This level of commitment and effort for so many years comes at a personal and family sacrifice at times. The USFA would also like to acknowledge and thank Mel’s ever supportive wife, Roslyn, for her enduring support throughout the years.
Mel is currently working towards gaining some federal support to realise his dream of truly documenting Australia’s spearfishing and diving history. He would like to setup a diving museum and have all of his records professionally digitised and catalogued along with all his early spearfishing and scuba diving equipment displayed for all to see and enjoy. “It would be a terrific thing. It is important to know your sport. To know where we have come from and how it progressed.”
“It was not that long ago that spearfishers were wearing jumpers to keep warm and making masks out of truck inner tube tyres and glass.”
“There has been such a dramatic technological development in materials and manufacturing. It really is marvellous”.
On behalf of all spearfishers, the USFA would again like to congratulate Mel on his national recognition. It is truly exciting and satisfying to see his dedication rewarded.
He is indeed a true gentleman and legend of this sport
The weekend of the 5th and 6th April 2014 saw a bunch of dedicated USFA Committee members brave the torrid wind and rain to set up and run a successful booth at the Family Fishing Show located out at Penrith Paceway. The show, focussing on family orientated enjoyment of Recreational Fishing, sounded exactly like what the USFA were seeking; an audience focussed on the social aspects of catching food for the plate. The estimation of 30,000 show visitors made the choice to attend relatively easy. The odds looked good for us to convert at least some of these visitors into USFA members. To aid this goal we put on a show special of a $50 Senior and $20 Junior membership. But as some things go, there were hiccups to overcome along the way. I must point out here that our team met these obstacles head on and manipulated some very favourable outcomes whilst wearing a smile despite some sometimes trying conditions.
Firstly, due to heavy rainfall the week preceding the event, the location of the show was picked up and moved from Parramatta Park to Penrith Paceway. A brave move by the organisers the week before the scheduled event. However, there was not much choice available as the ‘Powers that be’ at Parramatta Park had threatened to possibly cancel altogether if the poor weather continued. The event co-ordinators did an exceptional job just to be ready in time and due credit must be given in this regard. However, it also saw a few other obstacles appear with last minute arrangements and organisation.
The USFA team comprised of USFA Historian, Mel Brown, who despite having a bung shoulder ready for surgery put in a solid three full days. Mel also bought along a selection of Historical items for display including vintage Fins, Guns, Snorkels with ping pong balls, and even a mask made from a car tyre inner tube and piece of glass! Classic stuff. I thoroughly enjoyed looking through the old photos and listening to Mel explain the history behind our pioneers and their equipment, nearly all self-made. The crowd too, were impressed. Thank You Mel. Resident Fish Expert, Sascha Schulz, made the trip from Berima on the Friday to help us set up. His underlying Electrical Engineering qualification also became handy when we had to navigate the Penrith Paceway Electrical system to get some safe power for our stand. Thanks Sash.
Max Gordon-Hall, having driven 6 hours from Bathurst on the Friday to help setup, also proved invaluable as he was ordered to the very top of the ladder to hook up his event-saving tarpaulin that he just happened to have in the back of his car! The driving rain and wind was kept at bay thanks to that lovely tarp!! Max also assisted the following day at the booth before making the arduous drive back to Bathurst to start work by 8pm that night. Impressive effort. Thanks Max.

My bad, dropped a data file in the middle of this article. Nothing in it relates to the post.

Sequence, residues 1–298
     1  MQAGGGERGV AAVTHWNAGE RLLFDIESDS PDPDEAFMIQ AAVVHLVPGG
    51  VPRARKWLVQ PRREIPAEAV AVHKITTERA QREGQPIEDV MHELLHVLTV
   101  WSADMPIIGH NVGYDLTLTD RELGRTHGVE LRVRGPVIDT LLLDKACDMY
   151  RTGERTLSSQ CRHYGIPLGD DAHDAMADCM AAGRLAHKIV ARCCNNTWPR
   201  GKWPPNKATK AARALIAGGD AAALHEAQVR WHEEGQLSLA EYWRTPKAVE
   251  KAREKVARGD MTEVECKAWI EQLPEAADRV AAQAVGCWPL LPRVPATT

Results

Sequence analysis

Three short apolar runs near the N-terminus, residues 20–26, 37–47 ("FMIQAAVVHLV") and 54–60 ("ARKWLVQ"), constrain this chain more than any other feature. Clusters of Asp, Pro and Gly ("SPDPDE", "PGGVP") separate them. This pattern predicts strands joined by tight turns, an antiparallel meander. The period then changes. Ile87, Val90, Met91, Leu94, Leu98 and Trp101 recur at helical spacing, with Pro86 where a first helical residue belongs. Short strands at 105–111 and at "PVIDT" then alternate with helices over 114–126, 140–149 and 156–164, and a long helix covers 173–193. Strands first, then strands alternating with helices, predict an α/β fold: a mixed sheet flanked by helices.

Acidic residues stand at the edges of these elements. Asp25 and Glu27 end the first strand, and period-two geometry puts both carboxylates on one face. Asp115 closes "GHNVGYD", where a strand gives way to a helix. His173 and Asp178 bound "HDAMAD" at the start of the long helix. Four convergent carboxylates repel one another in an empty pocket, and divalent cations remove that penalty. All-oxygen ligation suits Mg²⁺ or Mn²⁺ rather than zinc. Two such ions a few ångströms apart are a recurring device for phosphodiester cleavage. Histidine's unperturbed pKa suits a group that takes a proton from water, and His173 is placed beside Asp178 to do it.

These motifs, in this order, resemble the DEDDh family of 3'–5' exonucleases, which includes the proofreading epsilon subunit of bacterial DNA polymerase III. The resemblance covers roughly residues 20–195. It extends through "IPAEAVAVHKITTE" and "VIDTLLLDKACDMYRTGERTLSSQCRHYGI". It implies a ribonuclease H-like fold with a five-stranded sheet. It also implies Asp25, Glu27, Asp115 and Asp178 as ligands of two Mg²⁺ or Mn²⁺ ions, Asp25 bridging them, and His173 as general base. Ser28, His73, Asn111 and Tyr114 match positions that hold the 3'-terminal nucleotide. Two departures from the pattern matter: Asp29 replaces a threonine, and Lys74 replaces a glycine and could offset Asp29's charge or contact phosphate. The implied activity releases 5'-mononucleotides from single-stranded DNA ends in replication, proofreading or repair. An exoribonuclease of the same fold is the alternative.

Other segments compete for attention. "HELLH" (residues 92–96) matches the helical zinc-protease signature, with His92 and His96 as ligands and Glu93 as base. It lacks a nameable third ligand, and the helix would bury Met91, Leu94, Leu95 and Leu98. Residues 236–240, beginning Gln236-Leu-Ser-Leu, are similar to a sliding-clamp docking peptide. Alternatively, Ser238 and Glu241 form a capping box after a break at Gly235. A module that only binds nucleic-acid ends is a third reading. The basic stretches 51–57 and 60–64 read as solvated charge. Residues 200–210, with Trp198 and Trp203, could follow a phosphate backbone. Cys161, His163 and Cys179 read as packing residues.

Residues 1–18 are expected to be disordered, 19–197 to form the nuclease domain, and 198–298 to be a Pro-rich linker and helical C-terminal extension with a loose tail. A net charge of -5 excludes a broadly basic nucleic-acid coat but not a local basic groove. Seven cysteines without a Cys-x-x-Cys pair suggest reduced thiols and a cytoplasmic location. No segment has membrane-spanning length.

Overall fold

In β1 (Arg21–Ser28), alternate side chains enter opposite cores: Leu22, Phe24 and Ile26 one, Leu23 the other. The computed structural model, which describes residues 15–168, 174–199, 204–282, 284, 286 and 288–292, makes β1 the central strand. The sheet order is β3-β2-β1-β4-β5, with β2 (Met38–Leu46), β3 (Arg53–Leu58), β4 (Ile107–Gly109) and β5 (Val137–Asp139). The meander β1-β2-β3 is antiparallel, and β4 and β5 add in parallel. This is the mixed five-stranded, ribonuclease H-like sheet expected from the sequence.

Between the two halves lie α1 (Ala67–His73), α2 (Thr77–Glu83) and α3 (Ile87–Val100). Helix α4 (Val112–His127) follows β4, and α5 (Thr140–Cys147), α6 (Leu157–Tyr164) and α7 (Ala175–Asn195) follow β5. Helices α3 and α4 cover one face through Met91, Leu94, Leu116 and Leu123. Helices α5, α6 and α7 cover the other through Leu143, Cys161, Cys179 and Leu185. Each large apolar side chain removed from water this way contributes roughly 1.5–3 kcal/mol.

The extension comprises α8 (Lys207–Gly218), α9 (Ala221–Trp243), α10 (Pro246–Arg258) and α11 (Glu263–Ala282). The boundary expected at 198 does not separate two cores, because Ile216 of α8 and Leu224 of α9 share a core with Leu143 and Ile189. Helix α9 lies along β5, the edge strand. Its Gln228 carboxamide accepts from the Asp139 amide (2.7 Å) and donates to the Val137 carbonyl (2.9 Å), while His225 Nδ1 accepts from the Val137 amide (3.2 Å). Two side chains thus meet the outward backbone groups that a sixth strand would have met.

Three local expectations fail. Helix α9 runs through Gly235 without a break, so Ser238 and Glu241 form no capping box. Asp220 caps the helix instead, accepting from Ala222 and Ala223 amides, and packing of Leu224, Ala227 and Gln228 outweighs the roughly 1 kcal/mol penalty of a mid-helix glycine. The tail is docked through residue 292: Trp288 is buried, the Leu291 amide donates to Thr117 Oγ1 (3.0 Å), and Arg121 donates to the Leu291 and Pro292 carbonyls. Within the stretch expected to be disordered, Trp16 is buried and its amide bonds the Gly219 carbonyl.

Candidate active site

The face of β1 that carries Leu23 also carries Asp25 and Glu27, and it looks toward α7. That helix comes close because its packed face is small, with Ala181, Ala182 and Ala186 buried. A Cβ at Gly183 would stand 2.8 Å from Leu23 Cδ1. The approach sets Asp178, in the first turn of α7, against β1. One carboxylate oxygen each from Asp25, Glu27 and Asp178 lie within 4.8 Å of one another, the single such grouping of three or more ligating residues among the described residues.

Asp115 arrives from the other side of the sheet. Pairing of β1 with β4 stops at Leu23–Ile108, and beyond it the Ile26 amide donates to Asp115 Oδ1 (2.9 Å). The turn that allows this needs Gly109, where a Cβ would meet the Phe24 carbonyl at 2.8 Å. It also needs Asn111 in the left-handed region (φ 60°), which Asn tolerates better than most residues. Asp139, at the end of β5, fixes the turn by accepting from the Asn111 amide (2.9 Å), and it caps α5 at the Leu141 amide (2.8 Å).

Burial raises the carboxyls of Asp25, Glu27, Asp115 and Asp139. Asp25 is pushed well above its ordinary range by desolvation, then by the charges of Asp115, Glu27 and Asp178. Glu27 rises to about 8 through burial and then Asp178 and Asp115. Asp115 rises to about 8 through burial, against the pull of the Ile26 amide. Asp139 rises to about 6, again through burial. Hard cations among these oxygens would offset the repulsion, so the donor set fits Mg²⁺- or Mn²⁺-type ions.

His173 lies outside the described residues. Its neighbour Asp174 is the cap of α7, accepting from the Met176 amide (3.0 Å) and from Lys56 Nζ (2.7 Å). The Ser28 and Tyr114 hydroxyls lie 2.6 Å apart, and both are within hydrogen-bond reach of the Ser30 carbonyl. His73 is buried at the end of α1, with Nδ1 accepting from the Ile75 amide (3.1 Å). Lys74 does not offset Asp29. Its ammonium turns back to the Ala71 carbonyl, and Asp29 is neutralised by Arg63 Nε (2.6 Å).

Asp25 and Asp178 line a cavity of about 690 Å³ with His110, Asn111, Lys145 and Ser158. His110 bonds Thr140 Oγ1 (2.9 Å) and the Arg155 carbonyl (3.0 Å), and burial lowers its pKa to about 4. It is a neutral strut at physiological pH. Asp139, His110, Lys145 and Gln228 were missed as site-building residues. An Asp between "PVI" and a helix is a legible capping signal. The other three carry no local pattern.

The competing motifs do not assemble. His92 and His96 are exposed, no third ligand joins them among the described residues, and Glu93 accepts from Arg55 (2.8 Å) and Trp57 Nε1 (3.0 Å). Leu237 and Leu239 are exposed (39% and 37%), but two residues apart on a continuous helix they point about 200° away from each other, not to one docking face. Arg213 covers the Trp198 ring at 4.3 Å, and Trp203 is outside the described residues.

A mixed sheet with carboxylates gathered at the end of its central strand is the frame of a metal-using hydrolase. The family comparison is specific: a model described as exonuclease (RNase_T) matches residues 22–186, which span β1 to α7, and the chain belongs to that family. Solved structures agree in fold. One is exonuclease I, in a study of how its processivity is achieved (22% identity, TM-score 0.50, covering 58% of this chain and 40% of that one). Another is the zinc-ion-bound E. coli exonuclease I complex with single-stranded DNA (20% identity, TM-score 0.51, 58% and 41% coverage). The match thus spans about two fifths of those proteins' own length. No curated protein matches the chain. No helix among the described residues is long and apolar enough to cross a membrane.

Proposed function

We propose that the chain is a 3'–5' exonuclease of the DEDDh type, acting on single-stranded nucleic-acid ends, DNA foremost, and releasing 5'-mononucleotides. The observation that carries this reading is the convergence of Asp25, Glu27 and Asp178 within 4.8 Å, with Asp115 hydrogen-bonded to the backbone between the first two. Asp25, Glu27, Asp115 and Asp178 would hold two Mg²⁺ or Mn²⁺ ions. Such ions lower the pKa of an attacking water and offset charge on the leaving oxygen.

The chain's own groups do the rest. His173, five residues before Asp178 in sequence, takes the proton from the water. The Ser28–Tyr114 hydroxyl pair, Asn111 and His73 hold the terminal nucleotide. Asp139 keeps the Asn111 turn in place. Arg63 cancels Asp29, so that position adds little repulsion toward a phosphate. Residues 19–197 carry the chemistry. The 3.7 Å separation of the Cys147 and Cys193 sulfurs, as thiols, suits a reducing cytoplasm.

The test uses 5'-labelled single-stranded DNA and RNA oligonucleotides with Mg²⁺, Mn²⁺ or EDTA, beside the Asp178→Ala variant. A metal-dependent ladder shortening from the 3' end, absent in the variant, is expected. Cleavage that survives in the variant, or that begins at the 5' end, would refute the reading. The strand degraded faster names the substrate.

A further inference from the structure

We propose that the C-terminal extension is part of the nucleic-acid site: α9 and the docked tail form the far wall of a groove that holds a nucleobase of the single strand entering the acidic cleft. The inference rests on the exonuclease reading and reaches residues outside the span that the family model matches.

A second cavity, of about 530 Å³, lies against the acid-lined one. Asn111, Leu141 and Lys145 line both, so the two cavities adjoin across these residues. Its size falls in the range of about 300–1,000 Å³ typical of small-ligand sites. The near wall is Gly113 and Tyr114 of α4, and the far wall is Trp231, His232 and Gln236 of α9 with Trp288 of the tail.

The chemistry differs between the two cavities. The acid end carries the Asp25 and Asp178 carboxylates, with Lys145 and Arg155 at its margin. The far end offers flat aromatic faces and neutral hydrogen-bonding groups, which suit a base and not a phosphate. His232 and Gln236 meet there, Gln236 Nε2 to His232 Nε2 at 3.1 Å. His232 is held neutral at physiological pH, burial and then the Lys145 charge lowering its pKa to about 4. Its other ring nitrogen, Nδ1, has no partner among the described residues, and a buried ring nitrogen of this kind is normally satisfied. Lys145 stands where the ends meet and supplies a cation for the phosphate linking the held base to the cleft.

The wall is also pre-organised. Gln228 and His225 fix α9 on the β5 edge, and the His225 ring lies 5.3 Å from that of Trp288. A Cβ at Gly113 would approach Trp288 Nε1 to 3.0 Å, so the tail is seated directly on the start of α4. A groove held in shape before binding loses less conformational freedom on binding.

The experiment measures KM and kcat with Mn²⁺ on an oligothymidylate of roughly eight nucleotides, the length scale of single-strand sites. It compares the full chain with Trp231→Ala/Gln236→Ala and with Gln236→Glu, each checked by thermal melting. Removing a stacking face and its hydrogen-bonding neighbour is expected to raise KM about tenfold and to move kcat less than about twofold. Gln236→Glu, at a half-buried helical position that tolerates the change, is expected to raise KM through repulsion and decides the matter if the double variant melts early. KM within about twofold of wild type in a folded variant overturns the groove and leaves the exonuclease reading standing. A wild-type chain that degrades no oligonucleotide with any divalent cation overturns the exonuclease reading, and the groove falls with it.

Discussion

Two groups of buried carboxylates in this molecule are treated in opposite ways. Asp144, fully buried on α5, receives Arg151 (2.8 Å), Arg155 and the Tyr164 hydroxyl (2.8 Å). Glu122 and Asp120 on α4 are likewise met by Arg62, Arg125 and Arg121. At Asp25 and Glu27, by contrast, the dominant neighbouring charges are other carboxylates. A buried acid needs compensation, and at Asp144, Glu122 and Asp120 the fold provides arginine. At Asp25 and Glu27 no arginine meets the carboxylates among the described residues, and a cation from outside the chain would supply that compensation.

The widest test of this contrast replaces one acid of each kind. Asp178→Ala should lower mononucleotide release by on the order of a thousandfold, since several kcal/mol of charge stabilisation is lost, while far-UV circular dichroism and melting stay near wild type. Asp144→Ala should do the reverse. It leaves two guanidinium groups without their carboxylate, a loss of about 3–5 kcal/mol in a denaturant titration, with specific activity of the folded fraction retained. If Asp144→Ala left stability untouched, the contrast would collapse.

USFA President, Peter Saunders, was also on hand each day and was a great asset in converting semi-interested onlookers into excited potential members, especially those of the fairer sex! On a more serious note, Peter and I were able to spend time with many of our Fishing and political allies to strengthen and strategise our common goals for a stronger future. This alone, was worth the effort of the event. Thank You Pete. Alby Cooke, despite having just emerged from hospital for surgery to his arm, made the trip down from Terrigal and put in a full days effort at the stand. Nothing was too much effort for him and he was a great help. Thank You Alby.
Simon Trippe and Andrew Harvey were guest speakers at the event and kept the crowds enthralled with their safety and Jewfish presentations. They too, assisted the team in spruiking the joys of safe diving. Thank You guys for your support. Thanks must also go out to our ever serving Treasurer, Lee Dalli, who , despite having worked through the night made sure we had USFA shirts, eskys, drinks, membership forms, magazines and a host of other things that were critical to our success. What would we do without you Lee? Thank You!
At the booth we had a large assortment of back issues of our USFA Skindiver Magazine, and boy did they go like hotcakes! We managed to slip a membership form and the Spearfishing Guide into each bundle and I would estimate we gave out several hundred Spearfishing Safely DVDs, Membership forms, Guides to Spearfishing and magazines. Plenty of great information out in to the public! I was very impressed with the number of people who took interest in what we had to say and they were even more impressed when we were able to back it up and give them a Safety DVD and Guide to Spearfishing. Many mothers, Fathers and Grand Parents were taking them for people “who could do with this information”. Great stuff, exactly what was being aimed for when these resources were developed. Similarly, many were impressed to hear about our Code of Conduct and mentoring strategies delivered through our club network up and down the coast. I wouldn’t be surprised to see a few new faces at club meetings over the next few months.